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Where should I invest? . SSEPF1 The student will apply rational decision making to personal spending and saving choices. a. Explain that people respond to positive and negative incentives in predictable ways. b. Use a rational decision making model to select one option over another.

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where should i invest

Where should I invest?

SSEPF1 The student will apply rational decision making to personal spending and saving choices.

a. Explain that people respond to positive and negative incentives in predictable ways.

b. Use a rational decision making model to select one option over another.

c. Create a savings or financial investment plan for a future goal.

where can i invest
Where can I invest?
  • Stocks
  • Real Estate
  • Mutual Funds
  • Insured Certificates of Deposit
  • Insured Savings Accounts
  • U.S. Savings Bonds
why should i invest
Why should I invest?
  • Rates of return are sometimes higher than regular savings
  • Saving/investing for future allows you to expand your overall fortune
what do i mean fortune
What do I mean…fortune?
  • Simple Interest – interest is earned on initial investment only
  • Compound Interest – interest is earned on initial investment AND interest already earned
example of compound interest 100
Example of Compound Interest ($100)
  • Simple
  • $100 investment
  • Interest on initial investment 10% = $10
  • Total = $110
  • Next round
  • Interest on initial investment 10% = $10
  • Total = $120
  • Compound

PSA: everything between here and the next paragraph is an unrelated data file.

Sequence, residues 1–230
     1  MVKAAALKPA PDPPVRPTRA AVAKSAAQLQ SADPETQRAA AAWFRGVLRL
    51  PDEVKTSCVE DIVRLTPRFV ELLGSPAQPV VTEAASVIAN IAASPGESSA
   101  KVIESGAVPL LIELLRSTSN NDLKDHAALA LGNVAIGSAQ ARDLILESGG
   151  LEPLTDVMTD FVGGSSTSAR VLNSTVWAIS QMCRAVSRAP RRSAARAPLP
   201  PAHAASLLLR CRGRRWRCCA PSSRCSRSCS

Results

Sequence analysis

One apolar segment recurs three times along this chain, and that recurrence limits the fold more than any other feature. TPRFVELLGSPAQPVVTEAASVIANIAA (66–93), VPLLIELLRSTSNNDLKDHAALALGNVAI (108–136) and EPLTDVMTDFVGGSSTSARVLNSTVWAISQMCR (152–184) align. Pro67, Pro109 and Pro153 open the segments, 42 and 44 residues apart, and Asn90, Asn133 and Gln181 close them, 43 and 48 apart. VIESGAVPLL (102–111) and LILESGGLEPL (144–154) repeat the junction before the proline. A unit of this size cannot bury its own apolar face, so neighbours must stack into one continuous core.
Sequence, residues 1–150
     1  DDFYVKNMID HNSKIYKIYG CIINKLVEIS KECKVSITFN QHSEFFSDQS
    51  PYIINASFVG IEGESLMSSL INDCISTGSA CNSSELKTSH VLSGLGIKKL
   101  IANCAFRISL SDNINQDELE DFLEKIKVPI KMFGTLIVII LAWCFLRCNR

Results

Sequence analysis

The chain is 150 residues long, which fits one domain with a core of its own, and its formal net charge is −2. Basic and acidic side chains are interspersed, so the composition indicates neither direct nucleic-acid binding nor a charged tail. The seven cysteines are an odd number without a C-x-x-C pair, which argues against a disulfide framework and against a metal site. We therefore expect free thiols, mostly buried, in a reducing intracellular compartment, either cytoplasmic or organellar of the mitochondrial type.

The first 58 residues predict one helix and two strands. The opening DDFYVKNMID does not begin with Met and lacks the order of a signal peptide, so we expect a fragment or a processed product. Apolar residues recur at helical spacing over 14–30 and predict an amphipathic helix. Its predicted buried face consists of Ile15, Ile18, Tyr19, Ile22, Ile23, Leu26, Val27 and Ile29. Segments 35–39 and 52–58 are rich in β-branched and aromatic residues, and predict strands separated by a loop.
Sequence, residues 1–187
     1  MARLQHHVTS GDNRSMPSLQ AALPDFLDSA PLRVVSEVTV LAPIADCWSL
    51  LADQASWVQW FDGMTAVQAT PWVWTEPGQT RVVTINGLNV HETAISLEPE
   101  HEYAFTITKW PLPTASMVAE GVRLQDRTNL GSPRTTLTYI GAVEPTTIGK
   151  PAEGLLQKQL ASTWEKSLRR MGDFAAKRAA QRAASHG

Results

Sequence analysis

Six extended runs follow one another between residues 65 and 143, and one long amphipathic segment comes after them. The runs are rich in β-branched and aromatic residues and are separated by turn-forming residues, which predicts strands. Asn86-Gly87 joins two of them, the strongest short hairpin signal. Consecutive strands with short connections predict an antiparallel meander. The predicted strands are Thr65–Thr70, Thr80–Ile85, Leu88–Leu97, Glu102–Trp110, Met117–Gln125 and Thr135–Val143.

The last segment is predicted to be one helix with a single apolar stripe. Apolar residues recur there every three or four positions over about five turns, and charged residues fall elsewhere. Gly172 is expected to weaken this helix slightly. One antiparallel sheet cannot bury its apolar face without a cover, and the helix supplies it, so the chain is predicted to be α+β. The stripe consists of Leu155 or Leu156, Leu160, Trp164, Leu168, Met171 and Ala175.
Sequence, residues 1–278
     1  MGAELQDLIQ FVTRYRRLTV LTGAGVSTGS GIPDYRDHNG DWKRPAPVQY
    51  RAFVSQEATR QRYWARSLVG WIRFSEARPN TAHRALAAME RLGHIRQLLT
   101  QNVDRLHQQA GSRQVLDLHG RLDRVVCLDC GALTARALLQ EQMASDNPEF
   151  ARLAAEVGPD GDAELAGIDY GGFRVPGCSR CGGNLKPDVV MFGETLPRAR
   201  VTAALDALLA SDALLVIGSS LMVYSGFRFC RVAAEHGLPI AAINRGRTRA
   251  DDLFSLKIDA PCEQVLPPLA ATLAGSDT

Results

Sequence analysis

• $100 investment
  • Interest on initial 10% = $10
  • Total = $110
  • Next Round
  • Interest on total 10% = $11
  • Total = $121
leave it for 5 years or 10
Leave it for 5 years…or 10
  • Simple
  • Year 1 = $110
  • 2 = $120
  • 3 = $130
  • 4 = $140
  • 5 = $150
  • 10 = $200
  • Compound
  • Year 1 = $110
  • 2 = $121(110 + 11)
  • 3 = $133 (121 + 12)
  • 4 = $ 146 (133 + 13)
  • 5 = $ 160 (146 + 14)
  • 10 = $ 256
things to remember
Things to remember
  • With CD’s – long-term = high initial investment and higher interest; short-term = low initial investment and low interest
  • Bonds – similar to CD’s
  • Stocks – depending upon type, price could be low or high. The “safer” the option, the less likely you are to earn quick money.
  • The longer your investment stays invested, the more likely it is to earn money.
  • S&P 500 returns – 2010 14.32 – 2009 27.112008 - 37.22
for your activity
For your activity
  • Financial Risk – risk of losing the money (1 – repays easy 2 - repays with difficulty 3 – cannot repay)
  • Market Risk – prices will change (1 – will not earn a lot 2 – earns a little 3 – earns a lot)
  • Liquidity Risk – Ability to turn investment into cash (1 – easy to make into cash 2 – somewhat difficult to turn into cash 3 – very hard to turn into cash)
  • Inflation Risk – Risk that investment will have LOWER return than inflation (1 – no worry about inflation 2 – a little worry about inflation 3 – inflation is probably higher than your earnings)
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